Perhaps if we had allowed to pass through our bodies all that has passed through his these past 30 years, Ozzy Osbourne's rendition of "Take Me Out To The Ball Game" Sunday at Wrigley Field would have been as crisp and clear as "Inagoddavita." Instead, because we are of this world and not one of the chemist's making, it came across sounding, well, like this:

"One. Two. Three. Let's go out to the ballgame. Let's go out to the bluhhhhhn Take me a ee-yan eeya [hums here] the field. I don't care if ahh-uhn ack. Dad a dad a duh dad a da earn. Duh ee, dad a da dahhh. For a fee, two, three strikes you're out at the old ballgame. Yeahhhhh."

The Guy thanks the Chicago Tribune for phoneticizing a ballyard moment that made Roseanne's version of the "National Anthem" sound like pure Whitney. It also gets The Guy to wondering: Do longtime Ozzy fans hear "Take Me Out To The Ball Game" when he plays "War Pigs" in concert? Just a thought.

Fox and the noun

With the recent pickup of pitcher Chad Fox, someone suggested to Marlins infielder Andy Fox that going by his middle name on the back of his uniform might be a viable way of separating himself from the newest Fox. He apparently had personal issues about wearing a jersey that simply read "A. Fox." Go figure. So the middle name idea was proposed ... and just as quickly discounted. Why? Fox's middle name is Junipero. According to Mike Berardino of the South Florida Sun-Sentinel, Junipero is a family name chosen by a great-grandfather in tribute to Father Junipero Serra, founder of Roman Catholic missions in Fox's native California. Whew! That makes The Guy feel better. There for a moment, he thought his parents had simply pulled Junipero out of thin air.

A low roar

Even in a season of millstones, Sunday's 11-6 loss to the Angels stood out for the Detroit House Cats. It dropped them 60 games under .500, a mark they've since blown by to sit at 31-96 entering play yesterday. How incredible is that? According to the Detroit Free Press and retrosheet.org, there have been only six days since the 1962 Mets in which a team -- any team -- has been 60 games below .500. The Tigers have a chance to carry that distinction for six weeks.

The positive spin

What's that The Mom In The Stands always said (or was it Confucious?) When one door closes, another opens ... and smacks you in the forehead. Or something like that. The Guy, while sympathizing with veteran Todd Zeile upon his release by the Yankees Sunday, can also -- as a man of numbers -- see its possibilities. For this fortuitous career change gives Zeile the opportunity to add to that major-league record that for years has so bedazzled us. He has homered for 10 teams -- more than any other man in major-league history. He now has five weeks left to make it 11, and were were thrilled to see he didn't screw it up by going back to the Cardinals, Cubs, Orioles, Phillies, Dodgers, Rangers, Marlins, Mets, Rockies or Yankees. Instead, he signed with Montreal Wednesday. Happy homering.

This 'n' that

One-hundred and twenty-one years and the Giants were finally swept in a season series of more than three games. In losing all four games in Montreal over the weekend, the Giants finished the year 0-7 vs. the Expos. ... Larry Johnson, former chief operating officer of Alcor -- the cryonics company that houses the body of Ted Williams in Scottsdale, Ariz. -- says he could have sold his story about the poor condition in which it has been cared for, but gave it to Sports Illustrated instead because SI's reputation gave it more credence. ... Geez! You'd think the baseball people would've checked with the marketing department before they started trading off the team's stars. The Reds gave away packs of baseball cards at Great American Ball Park Aug. 15 -- packs that included cards of Manager Bob Boone, who was fired July 28, and five players who had been traded. ... Roger Clemens, who likely will retire after the season, told the New York Times he'd consider pitching for Team USA in the Olympics next summer. "There are a lot of things on my plate, but that happens to be one of them," he said. ... Did you happen to take note of the San Juan venue in which the United States' men's basketball team is playing its Olympic qualifying tournament? The Roberto Clemente Coliseum. Just another reminder of how great is The Great One's reach in Puerto Rico even 30 years after his death. ... Proof why the Red Sox are more than just Boston's team. Included among the scores on Fenway's hand-operated out-of-town scoreboard this week were the Little League World Series scores for the Saugus, Mass., club that reached the United States final yesterday. Nice touch. ... And finally, how bad was Ozzy Osbourne's rendition of "Take Me Out to the Ball Game"? In a Chicago Tribune reader poll, 63.2 percent of the respondents said it was the worst rendition they'd ever heard, blowing away No. 2 Mike Ditka (24.8 percent). Now that's bad. ... Now back to Ozzfest.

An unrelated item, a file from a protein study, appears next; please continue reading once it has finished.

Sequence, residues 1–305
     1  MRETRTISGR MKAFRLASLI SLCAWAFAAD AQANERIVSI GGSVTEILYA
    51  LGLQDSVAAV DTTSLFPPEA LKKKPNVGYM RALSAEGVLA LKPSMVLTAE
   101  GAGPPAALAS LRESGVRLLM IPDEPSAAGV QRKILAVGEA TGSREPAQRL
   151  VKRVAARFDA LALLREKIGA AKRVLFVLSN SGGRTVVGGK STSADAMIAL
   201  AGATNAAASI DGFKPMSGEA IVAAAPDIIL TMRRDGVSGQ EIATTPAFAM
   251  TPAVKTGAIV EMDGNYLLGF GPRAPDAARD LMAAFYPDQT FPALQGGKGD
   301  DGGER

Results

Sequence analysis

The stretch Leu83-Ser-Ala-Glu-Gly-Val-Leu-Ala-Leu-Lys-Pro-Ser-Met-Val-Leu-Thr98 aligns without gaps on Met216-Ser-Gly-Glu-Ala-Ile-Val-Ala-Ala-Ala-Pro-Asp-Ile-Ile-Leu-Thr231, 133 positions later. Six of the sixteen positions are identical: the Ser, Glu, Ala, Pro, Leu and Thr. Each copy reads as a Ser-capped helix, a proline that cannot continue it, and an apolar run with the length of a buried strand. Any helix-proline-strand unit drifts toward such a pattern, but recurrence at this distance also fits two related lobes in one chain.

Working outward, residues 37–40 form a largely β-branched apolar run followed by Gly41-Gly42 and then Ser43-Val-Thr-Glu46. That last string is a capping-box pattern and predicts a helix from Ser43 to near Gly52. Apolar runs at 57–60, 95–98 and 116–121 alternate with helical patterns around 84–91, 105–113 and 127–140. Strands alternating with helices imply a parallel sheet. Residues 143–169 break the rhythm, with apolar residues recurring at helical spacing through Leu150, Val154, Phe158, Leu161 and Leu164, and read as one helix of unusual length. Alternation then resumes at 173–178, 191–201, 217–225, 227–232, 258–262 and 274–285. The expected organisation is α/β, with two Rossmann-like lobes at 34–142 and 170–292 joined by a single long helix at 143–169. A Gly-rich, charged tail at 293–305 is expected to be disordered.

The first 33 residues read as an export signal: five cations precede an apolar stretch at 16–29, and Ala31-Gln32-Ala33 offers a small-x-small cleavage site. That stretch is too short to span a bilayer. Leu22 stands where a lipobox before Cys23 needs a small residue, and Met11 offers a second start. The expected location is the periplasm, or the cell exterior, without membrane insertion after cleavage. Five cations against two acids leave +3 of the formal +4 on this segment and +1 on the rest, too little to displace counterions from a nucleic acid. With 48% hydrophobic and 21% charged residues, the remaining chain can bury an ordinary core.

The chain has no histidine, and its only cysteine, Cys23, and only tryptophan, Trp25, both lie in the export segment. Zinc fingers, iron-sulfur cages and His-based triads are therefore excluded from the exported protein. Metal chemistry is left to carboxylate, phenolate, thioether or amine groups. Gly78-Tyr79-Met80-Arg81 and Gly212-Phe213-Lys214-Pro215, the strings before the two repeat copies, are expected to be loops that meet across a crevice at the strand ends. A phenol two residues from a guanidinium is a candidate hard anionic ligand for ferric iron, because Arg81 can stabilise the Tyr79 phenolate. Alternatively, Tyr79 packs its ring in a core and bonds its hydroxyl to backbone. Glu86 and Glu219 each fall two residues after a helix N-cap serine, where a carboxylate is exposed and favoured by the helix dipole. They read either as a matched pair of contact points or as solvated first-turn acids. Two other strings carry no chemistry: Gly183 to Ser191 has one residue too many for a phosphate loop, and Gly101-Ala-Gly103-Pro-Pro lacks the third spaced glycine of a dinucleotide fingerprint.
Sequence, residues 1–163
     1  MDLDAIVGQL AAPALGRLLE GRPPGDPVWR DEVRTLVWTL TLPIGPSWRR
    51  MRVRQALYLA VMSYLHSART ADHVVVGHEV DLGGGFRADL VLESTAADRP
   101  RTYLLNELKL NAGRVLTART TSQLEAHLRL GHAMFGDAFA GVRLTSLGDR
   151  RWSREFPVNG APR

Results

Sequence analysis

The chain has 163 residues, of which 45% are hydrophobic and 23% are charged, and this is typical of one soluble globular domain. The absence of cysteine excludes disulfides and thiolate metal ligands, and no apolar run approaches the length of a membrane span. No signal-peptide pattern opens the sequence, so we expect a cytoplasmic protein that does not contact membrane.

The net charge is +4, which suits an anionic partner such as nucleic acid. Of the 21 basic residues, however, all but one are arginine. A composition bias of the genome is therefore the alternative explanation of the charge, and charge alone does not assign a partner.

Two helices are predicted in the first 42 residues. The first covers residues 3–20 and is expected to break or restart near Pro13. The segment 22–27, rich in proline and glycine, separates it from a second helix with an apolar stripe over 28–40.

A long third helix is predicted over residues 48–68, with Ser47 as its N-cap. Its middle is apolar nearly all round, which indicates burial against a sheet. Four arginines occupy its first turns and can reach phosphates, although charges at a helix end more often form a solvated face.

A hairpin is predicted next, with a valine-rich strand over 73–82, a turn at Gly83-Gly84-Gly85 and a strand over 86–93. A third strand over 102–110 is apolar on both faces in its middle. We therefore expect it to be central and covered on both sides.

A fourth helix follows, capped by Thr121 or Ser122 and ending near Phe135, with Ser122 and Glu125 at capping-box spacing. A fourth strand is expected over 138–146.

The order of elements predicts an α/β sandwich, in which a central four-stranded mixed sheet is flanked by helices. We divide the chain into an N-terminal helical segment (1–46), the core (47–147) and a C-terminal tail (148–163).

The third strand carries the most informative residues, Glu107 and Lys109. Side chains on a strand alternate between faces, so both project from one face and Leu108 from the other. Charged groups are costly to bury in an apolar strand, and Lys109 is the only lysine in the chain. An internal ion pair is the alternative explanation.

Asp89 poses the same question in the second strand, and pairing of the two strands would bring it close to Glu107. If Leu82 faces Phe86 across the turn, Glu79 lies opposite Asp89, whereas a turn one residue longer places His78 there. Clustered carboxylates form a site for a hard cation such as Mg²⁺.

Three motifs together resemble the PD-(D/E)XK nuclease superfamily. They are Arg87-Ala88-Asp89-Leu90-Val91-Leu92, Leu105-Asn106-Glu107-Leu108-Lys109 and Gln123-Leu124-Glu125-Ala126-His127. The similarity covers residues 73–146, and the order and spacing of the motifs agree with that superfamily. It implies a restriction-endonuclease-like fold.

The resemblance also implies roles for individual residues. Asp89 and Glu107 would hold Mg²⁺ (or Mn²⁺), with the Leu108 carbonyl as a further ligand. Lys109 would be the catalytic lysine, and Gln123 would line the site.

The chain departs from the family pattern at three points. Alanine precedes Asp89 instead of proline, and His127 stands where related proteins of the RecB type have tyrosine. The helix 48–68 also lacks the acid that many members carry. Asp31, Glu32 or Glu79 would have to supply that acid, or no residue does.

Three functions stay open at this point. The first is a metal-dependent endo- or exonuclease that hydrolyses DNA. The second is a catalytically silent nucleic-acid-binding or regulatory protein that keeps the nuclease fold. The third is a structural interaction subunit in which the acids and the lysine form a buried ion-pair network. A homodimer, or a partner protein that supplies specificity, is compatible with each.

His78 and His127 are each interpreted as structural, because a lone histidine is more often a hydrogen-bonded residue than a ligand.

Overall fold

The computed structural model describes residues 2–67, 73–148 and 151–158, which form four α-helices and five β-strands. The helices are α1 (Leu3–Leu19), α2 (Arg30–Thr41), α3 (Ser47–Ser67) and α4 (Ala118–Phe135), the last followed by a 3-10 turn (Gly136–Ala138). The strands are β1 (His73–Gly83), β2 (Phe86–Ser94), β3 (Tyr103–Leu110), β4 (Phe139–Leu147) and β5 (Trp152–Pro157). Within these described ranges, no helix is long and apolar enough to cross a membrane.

Shot and a jeer

If you're concerned that the Pirates lost minor-league pitcher Mike Bruback on waivers to the Padres this week, don't be. Yes, The Guy knows it was only 32 days ago that he was the linchpin of that deal that sent Aramis Ramirez and Kenny Lofton to the Cubs. But considering the dexterity and savvy with which the Pirates have swung deals lately, we can almost count on getting him back when the Jason Kendall-Brian Giles deal is finally consummated. Feel better?


Steve Ziants can be reached at sziants@post-gazette.com or 412-263-1474. This notebook was gathered from personal interviews, wire service reports and other newspapers.